(View exact match)transepted gallery graveCATEGORY: structure
DEFINITION: A type of gallery grave having side chambers resembling transepts; a variant of the megalithic gallery grave in which side chambers (transepts) open from the main burial chamber. These tombs are found only in three areas: near the mouth of the River Loire in France, in the Bristol Channel region (e.g. Severn-Cotswold), and in northwest Ireland. The three are in some way interrelated and all lie on western seaways linking Atlantic France with the British Isles. Some scholars regard those in France as variant passage graves, unrelated to the British Isles tombs.
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Severn-Cotswold tombSYNONYMS OR RELATED TERMS: Severn-Cotswold
DEFINITION: A group of Neolithic burial monuments in southwest Britain around the Bristol Channel - megalithic tombs consisting of a long mound, tapering on one end, with one or more passage graves. In the finest tombs, the funerary area is a long gallery with up to three pairs of side chambers opening from it. In others, the courtyard leads only to a false entrance while the burial chambers open laterally onto the side of the mound. The Severn-Cotswold tombs were built early in the Neolithic period, and there is a radiocarbon date of 3600 +/- 130 BC from Waylands Smithy, Berkshire. The West Kennet tomb (3330 +/- 150) was constructed at much the same time as the nearby causewayed camp at Windmill Hill. In plan, these graves show a general similarity to the French transepted gallery graves around the mouth of the River Loire. There are two main varieties: axial-chambered tombs, with the passage entrance opening from the center of the broader end of the mound, and lateral-chambered tombs, where two megalithic chambers are entered from opposite sides of the mound.chamber tombSYNONYMS OR RELATED TERMS: chambered tomb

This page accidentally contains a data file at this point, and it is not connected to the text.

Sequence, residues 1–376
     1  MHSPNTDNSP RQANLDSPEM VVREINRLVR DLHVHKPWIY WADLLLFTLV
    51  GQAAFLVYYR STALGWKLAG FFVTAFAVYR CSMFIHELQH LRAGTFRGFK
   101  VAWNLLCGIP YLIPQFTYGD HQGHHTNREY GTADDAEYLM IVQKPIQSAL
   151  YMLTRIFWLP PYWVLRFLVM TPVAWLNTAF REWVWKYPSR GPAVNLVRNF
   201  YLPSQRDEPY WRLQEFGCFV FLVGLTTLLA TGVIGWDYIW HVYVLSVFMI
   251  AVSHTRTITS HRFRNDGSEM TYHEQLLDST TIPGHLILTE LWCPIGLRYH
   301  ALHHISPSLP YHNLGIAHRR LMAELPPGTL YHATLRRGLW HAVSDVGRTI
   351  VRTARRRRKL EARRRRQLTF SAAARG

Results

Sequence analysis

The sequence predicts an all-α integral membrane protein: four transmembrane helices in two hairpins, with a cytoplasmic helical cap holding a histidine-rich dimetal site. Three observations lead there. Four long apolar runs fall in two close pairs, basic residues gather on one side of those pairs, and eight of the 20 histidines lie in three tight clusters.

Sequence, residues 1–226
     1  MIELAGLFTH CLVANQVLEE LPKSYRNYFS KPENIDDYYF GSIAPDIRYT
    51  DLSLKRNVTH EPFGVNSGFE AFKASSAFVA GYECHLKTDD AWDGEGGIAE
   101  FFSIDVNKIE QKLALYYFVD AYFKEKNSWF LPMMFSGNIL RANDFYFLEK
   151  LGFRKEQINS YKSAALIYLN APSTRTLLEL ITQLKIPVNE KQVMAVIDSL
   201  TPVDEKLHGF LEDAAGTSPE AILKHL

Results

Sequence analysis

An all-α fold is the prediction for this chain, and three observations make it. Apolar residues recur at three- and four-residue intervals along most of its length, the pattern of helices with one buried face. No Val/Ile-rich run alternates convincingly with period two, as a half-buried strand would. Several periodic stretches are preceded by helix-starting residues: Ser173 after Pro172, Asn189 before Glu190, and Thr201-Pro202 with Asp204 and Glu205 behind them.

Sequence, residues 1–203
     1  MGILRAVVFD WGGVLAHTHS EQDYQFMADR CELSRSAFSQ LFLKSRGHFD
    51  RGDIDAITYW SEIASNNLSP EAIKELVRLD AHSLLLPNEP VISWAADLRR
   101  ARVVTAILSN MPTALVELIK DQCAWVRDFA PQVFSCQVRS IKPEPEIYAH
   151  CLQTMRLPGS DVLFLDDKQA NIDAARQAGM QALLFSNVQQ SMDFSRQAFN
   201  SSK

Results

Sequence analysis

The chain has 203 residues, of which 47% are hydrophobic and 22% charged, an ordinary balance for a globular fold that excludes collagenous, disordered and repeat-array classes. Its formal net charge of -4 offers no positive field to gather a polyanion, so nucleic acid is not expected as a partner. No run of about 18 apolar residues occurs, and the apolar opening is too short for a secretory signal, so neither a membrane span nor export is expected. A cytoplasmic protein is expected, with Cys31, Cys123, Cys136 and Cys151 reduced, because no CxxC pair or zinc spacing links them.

DEFINITION: A prehistoric tomb, often megalithic in construction, that contained a large burial chamber. Such a vault was usually used for successive burials over a long period of time. The term is also used for a rock-cut tomb, especially the shaft-and-chamber tomb, with a similar burial rite. Chamber tombs were built in many parts of the world and at many different times. The European varieties were called court cairn, dolmen, entrance grave, gallery grave, giants' grave, hunebed, passage grave, portal dolmen, tholos, transepted gallery grave, and wedge-shaped gallery grave. Many were rectangular chambers cut into the side of a hill and approached by a long entrance passage (dromos), especially in the Aegean.court cairnSYNONYMS OR RELATED TERMS: Clyde-Carlingford tomb
DEFINITION: A type of Neolithic (c 3500 BC) chamber tomb common in southwest Scotland and northern Ireland. Its features include an elongated rectangular or trapeze-shaped cairn with an unroofed semicircular forecourt at one end. The courtyard gives access to the burial chamber proper, which is normally a gallery with two or more chambers separated by jambs, or by a combination of jambs and sills. This basic form sometimes called a 'horned cairn' has many variants. In the 'lobster-claw' or 'full court', cairns the wings of the facade curve around until they almost meet at the front of the tomb to enclose a circular or oval forecourt. Sometimes a cairn contains more than one tomb or there are subsidiary chambers. Court cairns continued to be used until the end of the Neolithic period around 2200 BC. The later court cairns share many features with the Severn-Cotswold tombs of southwest Britain and with the transepted gallery graves near the river Loire.